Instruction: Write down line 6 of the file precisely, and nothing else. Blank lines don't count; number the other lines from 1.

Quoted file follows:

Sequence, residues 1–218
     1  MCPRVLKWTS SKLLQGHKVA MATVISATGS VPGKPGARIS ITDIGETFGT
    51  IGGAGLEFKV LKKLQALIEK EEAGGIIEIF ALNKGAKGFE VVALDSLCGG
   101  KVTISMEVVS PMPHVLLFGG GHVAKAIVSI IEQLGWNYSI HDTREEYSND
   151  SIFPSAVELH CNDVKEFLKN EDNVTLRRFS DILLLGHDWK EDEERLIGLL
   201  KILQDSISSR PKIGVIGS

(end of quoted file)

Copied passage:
   201  KILQDSISSR PKIGVIGS